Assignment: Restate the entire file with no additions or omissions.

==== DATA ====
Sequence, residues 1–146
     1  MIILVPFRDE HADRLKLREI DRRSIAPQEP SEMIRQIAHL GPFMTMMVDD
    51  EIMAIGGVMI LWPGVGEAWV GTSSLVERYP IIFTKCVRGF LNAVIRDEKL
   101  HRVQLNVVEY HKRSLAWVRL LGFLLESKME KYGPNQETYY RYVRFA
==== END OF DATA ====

Sequence, residues 1–146
     1  MIILVPFRDE HADRLKLREI DRRSIAPQEP SEMIRQIAHL GPFMTMMVDD
    51  EIMAIGGVMI LWPGVGEAWV GTSSLVERYP IIFTKCVRGF LNAVIRDEKL
   101  HRVQLNVVEY HKRSLAWVRL LGFLLESKME KYGPNQETYY RYVRFA